Editorial

This holiday season, raise spirits for yourself, others

Consider these 10 easy ways to bring light to the community

December 9, 2012 

CHARLOTTE OBSERVER/MCCLATCHY TRIBUNE

We don’t mean to sound like Scrooge (before his transformation), but the holidays can sometimes take a toll. Between the strands of Christmas lights that burn out the minute you untangle them and the endless online search for that vintage, limited-edition Star Wars action figure that so-and-so just has to have, it can be a bit much.

But here’s a guaranteed way to raise your spirits: Take a lesson from the reformed Scrooge and lend a hand this holiday season. It doesn’t have to be a big deal; just dropping a buck or two in a Salvation Army kettle can put a smile on your face and a lift in your step.

Here are 10 more ideas — in no particular order — for chasing away the bah-humbug blues. If you have other suggestions, email us at letters@thetribunenews.com.

1. Put food on a table. The Food Bank Coalition’s Hope for the Holidays campaign runs through Dec. 31. Green collection barrels for canned foods and other nonperishable items are at many local supermarkets (go to http://www.slofoodbank.org for a list). Or, go online and make a monetary donation. Thanks to a corporate sponsorship, all donations up to $20,000 will be matched.

2. Give the gift of life. Remember, blood supplies can run low during the holidays, when many regular donors travel. Schedule an appointment by calling United Blood Services, 543-4290, or log on to http://www.unitedbloodservices.org  .

3. Give the gift of warmth. Donations are needed to buy warm coats that will be distributed at a Christmas Day dinner for the homeless in San Luis Obispo. Contributions can be made via the United Way of San Luis Obispo County (http://www .unitedwayslo.org) or checks may be sent to P.O. Box 14309, San Luis Obispo 93406 and marked “coats.” Coats cost $20 each for small through large sizes and $25 for XL through 4XL sizes.

4. Can some gifts. Before you invest in more “world’s greatest whatever” sweatshirts or coffee mugs that probably won’t ever make it out of their original gift boxes, consider donating to the recipients’ favorite causes or find something that benefits their communities and/or their interests. Two examples: The Atascadero Librar y is shy of $110,000 needed for anew library (http://www.atascaderofriendsofthelibrary.org) and The Friends of Wild Cherry Canyon is collecting for a $1 million endowment to cover startup and maintenance costs for the property, which is a proposed addition to Montana de Oro State Park (http://www.lcslo.org/wild_cherry _cyn.html ).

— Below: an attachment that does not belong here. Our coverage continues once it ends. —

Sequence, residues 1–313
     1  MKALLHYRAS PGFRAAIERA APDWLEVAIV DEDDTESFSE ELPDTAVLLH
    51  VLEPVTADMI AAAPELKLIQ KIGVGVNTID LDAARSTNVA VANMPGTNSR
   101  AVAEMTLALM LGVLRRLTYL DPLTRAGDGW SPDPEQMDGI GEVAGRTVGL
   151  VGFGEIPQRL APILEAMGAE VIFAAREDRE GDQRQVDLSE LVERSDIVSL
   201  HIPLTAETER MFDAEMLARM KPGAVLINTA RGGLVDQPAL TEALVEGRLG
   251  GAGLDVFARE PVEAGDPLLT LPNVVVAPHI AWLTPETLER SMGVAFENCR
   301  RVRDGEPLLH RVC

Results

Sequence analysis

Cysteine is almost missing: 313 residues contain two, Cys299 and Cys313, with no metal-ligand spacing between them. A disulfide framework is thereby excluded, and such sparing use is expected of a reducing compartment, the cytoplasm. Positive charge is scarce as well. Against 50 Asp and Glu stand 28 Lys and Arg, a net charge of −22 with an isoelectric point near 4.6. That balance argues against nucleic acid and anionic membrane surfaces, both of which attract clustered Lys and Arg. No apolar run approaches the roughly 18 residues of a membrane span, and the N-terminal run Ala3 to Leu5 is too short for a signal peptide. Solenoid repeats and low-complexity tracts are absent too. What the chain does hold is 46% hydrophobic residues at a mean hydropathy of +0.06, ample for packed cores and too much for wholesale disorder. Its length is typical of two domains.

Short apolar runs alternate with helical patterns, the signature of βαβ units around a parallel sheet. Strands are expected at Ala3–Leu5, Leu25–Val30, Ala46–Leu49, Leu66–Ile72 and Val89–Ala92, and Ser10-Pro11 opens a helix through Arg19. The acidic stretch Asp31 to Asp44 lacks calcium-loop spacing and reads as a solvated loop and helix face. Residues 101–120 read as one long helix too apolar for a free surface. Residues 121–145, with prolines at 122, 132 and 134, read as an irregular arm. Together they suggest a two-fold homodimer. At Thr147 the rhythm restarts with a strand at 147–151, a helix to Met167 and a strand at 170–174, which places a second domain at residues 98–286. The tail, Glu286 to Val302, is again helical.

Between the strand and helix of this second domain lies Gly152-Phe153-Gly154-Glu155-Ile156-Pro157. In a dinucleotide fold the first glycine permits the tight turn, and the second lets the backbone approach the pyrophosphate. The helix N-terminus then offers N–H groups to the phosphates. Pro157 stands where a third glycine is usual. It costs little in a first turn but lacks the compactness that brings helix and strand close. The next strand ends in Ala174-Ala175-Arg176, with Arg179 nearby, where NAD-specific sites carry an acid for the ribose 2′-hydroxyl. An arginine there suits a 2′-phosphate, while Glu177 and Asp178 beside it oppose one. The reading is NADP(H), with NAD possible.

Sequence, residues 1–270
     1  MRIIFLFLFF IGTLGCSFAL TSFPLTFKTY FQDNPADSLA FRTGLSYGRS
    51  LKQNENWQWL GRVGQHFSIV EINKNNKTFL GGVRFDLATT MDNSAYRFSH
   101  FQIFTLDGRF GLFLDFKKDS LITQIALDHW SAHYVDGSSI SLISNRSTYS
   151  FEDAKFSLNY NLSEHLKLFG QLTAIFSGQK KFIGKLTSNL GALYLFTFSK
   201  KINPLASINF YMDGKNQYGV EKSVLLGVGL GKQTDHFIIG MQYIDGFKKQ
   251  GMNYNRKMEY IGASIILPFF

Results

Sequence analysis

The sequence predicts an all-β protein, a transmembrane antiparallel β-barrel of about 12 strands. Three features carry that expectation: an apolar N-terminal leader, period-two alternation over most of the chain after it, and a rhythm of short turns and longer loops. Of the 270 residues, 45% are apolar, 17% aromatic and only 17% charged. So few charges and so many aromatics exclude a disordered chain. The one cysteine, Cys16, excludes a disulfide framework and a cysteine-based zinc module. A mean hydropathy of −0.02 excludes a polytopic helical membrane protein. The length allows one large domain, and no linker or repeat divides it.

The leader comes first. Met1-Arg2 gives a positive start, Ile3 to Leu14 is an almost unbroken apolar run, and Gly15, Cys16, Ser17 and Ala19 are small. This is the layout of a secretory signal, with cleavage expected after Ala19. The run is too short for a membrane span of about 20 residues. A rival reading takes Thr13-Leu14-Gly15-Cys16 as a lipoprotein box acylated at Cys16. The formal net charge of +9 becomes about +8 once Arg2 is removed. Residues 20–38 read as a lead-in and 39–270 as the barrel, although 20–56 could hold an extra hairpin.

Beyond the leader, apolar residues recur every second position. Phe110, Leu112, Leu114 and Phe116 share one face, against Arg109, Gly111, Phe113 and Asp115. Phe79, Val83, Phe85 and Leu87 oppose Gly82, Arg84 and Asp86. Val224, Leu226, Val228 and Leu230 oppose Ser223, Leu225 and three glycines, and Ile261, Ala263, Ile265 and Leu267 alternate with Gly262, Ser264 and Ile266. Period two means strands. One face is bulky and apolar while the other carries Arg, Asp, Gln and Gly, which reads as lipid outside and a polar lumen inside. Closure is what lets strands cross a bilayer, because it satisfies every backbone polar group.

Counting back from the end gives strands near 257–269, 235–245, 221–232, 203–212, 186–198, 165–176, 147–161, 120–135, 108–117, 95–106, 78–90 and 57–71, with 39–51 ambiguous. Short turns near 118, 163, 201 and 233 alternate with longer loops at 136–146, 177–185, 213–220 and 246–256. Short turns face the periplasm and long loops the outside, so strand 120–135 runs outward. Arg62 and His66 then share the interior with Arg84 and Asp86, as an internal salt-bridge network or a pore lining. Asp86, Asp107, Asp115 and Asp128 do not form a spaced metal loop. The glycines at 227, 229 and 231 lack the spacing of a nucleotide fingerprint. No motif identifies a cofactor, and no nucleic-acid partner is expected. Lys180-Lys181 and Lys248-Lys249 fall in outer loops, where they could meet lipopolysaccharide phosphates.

5. Pledge some time. In lieu of making a cash donation to your giftee’s favorite charity (see above), pledge to volunteer some time in the coming year. Friends of Wild Cherry Canyon, for example, is taking pledges from volunteers willing to work at Montaña de Oro.

6. Make a senior smile. If you hurry, there’s still time to select gifts for a local senior citizen through a program called Be a Santa for a Senior. Gift trees decked with ornaments listing seniors’ requests will be up until Wednesday at several local businesses, including Walmart in Arroyo Grande, KSBY and the San Luis Obispo Surgery Center. Go to http://www.beasantatoasenior.com   or call 773-3744 for more information.

7. Shop the toy aisle. Toy drives, such as Toys for Tots, are in full swing, and yes, donations really can make a child’s holiday a memorable one. Toys for Tots says there’s a particular need for toys for children older than 12. Go to http://www.toys4totscentralca.org for gift ideas, or if you prefer, you can go online and make a monetary donation to Toys for Tots.

8. Make a clean sweep. Homeless shelters always need gently used sleeping bags, blankets, sheets and towels, as well as travel-sized shampoo, conditioner and soap. Clean out your closets and cupboards and donate any extras to your local shelter. And if you come across any unused or partially used gift cards, re-gift those to a shelter or to another nonprofit, such as CASA, Big Brothers Big Sisters or the Prado Day Center.

9. Ring some chimes. The SLO Salvation Army is still seeking volunteer bell ringers. Two-hour time slots are available through Dec. 24. Call Juan at 323-243-5811 or Patricia at 772-7766.

10. Be a friend to Fido. Donate pet food, pet toys and other items for distribution to families in need with pets. There are several collection sites throughout the county (many pet supply stores and vets offices have donations bins available), or drop off supplies at county Animal Services during their regular business hours (http://www.slocounty.ca.gov/AServ.htm ).

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